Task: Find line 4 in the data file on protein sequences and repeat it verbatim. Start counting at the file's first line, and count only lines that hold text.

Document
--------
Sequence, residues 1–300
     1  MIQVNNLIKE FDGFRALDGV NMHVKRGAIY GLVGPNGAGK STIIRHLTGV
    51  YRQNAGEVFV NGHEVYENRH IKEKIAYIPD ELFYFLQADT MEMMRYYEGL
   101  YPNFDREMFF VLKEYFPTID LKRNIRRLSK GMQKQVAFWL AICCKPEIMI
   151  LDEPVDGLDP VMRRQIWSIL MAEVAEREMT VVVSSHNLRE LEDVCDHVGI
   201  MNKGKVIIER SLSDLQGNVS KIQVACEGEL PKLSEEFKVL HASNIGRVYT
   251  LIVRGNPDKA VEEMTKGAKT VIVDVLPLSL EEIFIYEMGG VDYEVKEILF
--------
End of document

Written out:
   101  YPNFDREMFF VLKEYFPTID LKRNIRRLSK GMQKQVAFWL AICCKPEIMI